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Big Data Technology: In-House vs. Vendors

Big Data Technology: In-House vs. Vendors

For retailers, the specter of big data is one that is constantly looming. Companies are working hard delving into the omni-channel arms race as they try to fend off behemoths like Amazon. Some companies are going so far as to deploy massive amounts of resources into developing their own big data solutions in an attempt to go toe to toe with the retail giant. The natural question that retailers face is what exactly they need to build in house vs. what they can, and probably should, outsource to vendors.

With the proliferation of “software as a service” (SaaS) model, it’s becoming increasingly simpler and faster to deploy new solutions in an enterprise setting. This naturally results in ever-increasing innovation in the industry, as old solutions are easily replaced with the more novel and more effective ones in mere weeks. At the same time, large retailers have a natural desire to build a lot of things in house in the same way Amazon made heavy investments in the internal technology to power everything from the automated fulfillment to user recommendations on site. However, it’s important to realize that not everything can or should be built in house. Retailers should think of the infrastructure as the data platform on top of which vendors innovate in the same way Apple and Android platforms allow individual developers to innovate with the apps. We believe that algorithms in the cloud will become the most common SaaS applications in the next few years. Retailers who treat algorithms as “core competency” and limit their development to internal teams will only stifle innovation and fall behind in the long term. Here, we outline the reasons why.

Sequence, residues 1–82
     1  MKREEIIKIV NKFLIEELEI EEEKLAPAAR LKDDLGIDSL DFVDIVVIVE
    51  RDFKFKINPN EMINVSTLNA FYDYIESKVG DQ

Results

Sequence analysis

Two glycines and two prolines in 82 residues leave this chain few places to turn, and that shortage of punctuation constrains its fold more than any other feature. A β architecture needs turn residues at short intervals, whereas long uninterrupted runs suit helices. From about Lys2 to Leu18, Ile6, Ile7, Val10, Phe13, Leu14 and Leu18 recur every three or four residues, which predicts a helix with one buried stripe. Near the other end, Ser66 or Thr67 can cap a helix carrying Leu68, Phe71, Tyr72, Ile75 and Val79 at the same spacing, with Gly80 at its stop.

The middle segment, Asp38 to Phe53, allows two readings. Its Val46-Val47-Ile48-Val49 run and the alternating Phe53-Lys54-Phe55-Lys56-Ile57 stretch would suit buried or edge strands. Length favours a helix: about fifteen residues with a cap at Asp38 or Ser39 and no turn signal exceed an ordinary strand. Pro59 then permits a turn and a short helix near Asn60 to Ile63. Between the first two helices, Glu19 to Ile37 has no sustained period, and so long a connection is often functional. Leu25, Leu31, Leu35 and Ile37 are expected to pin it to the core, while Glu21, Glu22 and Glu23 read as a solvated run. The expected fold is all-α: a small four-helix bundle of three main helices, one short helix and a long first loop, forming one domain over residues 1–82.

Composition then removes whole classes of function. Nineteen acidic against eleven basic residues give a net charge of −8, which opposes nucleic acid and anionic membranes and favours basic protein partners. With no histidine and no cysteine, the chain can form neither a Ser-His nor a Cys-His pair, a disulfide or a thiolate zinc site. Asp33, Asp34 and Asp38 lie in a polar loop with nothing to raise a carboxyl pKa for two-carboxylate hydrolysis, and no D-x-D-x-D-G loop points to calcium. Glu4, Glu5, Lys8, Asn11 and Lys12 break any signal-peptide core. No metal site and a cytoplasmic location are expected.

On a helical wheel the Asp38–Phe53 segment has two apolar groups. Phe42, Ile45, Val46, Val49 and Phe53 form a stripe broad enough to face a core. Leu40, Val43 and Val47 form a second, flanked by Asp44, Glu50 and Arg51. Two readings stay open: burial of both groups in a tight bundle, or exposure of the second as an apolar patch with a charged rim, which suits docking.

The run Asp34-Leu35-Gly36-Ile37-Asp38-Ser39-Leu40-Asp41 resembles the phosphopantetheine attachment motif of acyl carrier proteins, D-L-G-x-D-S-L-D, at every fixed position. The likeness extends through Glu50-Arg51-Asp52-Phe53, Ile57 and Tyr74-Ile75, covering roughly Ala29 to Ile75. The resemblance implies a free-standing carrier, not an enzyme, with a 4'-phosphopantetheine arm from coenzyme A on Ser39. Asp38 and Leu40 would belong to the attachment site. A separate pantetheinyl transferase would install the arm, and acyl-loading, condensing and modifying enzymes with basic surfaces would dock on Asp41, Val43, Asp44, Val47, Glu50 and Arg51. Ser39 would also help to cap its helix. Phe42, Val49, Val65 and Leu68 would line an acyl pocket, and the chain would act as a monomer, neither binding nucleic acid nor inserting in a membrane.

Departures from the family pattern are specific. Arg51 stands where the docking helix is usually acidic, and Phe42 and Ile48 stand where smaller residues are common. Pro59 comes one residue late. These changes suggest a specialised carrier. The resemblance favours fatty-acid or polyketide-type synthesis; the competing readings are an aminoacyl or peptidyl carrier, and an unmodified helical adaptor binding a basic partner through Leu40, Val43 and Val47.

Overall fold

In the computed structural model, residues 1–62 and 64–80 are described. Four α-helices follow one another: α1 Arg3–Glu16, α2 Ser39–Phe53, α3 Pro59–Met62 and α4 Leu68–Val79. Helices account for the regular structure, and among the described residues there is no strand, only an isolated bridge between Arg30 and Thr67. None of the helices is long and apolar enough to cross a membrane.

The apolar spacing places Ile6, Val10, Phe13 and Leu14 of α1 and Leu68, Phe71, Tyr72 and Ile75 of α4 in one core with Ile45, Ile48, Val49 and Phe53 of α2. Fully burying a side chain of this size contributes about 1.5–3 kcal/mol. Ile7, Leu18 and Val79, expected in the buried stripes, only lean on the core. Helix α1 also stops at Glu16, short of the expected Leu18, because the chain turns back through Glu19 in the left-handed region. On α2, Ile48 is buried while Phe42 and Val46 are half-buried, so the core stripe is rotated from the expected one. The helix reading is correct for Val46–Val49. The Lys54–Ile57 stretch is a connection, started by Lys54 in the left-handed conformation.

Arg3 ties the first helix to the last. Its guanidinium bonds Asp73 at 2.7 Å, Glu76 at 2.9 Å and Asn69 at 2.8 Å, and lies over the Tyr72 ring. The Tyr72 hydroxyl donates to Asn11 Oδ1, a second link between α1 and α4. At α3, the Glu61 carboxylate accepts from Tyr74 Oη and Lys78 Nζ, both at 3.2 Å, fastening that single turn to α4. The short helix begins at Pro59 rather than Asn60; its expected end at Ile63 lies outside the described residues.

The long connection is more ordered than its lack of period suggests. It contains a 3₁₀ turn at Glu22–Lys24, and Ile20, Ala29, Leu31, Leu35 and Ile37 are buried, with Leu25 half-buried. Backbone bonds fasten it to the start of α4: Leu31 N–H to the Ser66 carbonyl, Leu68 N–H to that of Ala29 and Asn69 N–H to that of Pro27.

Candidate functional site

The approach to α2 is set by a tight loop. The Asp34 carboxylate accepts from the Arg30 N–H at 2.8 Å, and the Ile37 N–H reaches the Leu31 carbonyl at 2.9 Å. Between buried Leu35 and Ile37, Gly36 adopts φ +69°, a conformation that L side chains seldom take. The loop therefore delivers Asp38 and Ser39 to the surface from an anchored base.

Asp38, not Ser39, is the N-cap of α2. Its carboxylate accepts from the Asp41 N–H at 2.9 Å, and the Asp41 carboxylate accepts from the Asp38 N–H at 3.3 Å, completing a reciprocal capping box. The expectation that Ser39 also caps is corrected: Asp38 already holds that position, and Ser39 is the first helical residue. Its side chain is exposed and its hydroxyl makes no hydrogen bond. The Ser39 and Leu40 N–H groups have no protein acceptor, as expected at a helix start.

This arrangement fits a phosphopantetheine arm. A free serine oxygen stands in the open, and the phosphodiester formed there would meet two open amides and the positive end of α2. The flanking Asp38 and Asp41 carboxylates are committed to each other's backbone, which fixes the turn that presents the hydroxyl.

Great algorithmic solutions require immense talent. The war for talent these days is fierce, especially in data science. Data scientists are typically PhDs educated in computer science, statistics, or mathematics and require salaries of over $150,000. With the limited supply of qualified engineers and data scientists in the market, these engineers are more frequently lured by either startups or the technical giants like Amazon, Google and Facebook. Unfortunately, most brick-and-mortar and online retailers don’t happen to be the sexiest destination for the top-notch engineers. As a result, retailers have to compensate by paying more than double the already exorbitant salaries.

Doing a simple math shows that a team of 20 data scientists and engineers can easily cost a retailer an excess of $4M a year. That is before factoring in the cost of recruitment, on-boarding, retention of this talent and acquiring and supporting any infrastructure to support the development of the solution. In a comparison, a typical SaaS solution will have a price tag of less than $1M a year (this is probably an absolute upper bound: typical fees will be lower than $500K). It’s not hard to see massive savings that retailers achieve by working with vendors.

Speed to market and flexibility

For any technological venture, speed to market is key to determining overall success. This includes the development of internal technology. From project inception to launch, creating a big data solution can take as much as 2-3 full years. That is two plus years for a solution you need now. And while the need for an immediate solution is a sizable, the lifecycle of technology isn't. A two year wait time can create one of two problems. Either your newly developed solution is nearly outdated at launch or you become caught in an unending cycle of redesign in an attempt to get ahead of a rapidly progressing technological landscape.